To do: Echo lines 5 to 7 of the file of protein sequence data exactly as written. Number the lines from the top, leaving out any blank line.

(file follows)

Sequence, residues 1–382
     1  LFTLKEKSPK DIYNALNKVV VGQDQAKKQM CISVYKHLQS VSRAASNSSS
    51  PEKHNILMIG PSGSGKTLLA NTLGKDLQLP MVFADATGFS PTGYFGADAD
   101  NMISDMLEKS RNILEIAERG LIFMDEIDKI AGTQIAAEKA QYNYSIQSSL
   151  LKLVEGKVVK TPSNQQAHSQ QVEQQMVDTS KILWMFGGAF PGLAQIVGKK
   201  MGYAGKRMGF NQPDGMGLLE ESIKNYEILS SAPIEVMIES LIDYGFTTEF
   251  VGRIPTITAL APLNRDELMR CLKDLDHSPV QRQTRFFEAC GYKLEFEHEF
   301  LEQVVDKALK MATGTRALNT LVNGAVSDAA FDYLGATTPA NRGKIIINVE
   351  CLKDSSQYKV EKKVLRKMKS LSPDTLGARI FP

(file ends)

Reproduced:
   151  LKLVEGKVVK TPSNQQAHSQ QVEQQMVDTS KILWMFGGAF PGLAQIVGKK
   201  MGYAGKRMGF NQPDGMGLLE ESIKNYEILS SAPIEVMIES LIDYGFTTEF
   251  VGRIPTITAL APLNRDELMR CLKDLDHSPV QRQTRFFEAC GYKLEFEHEF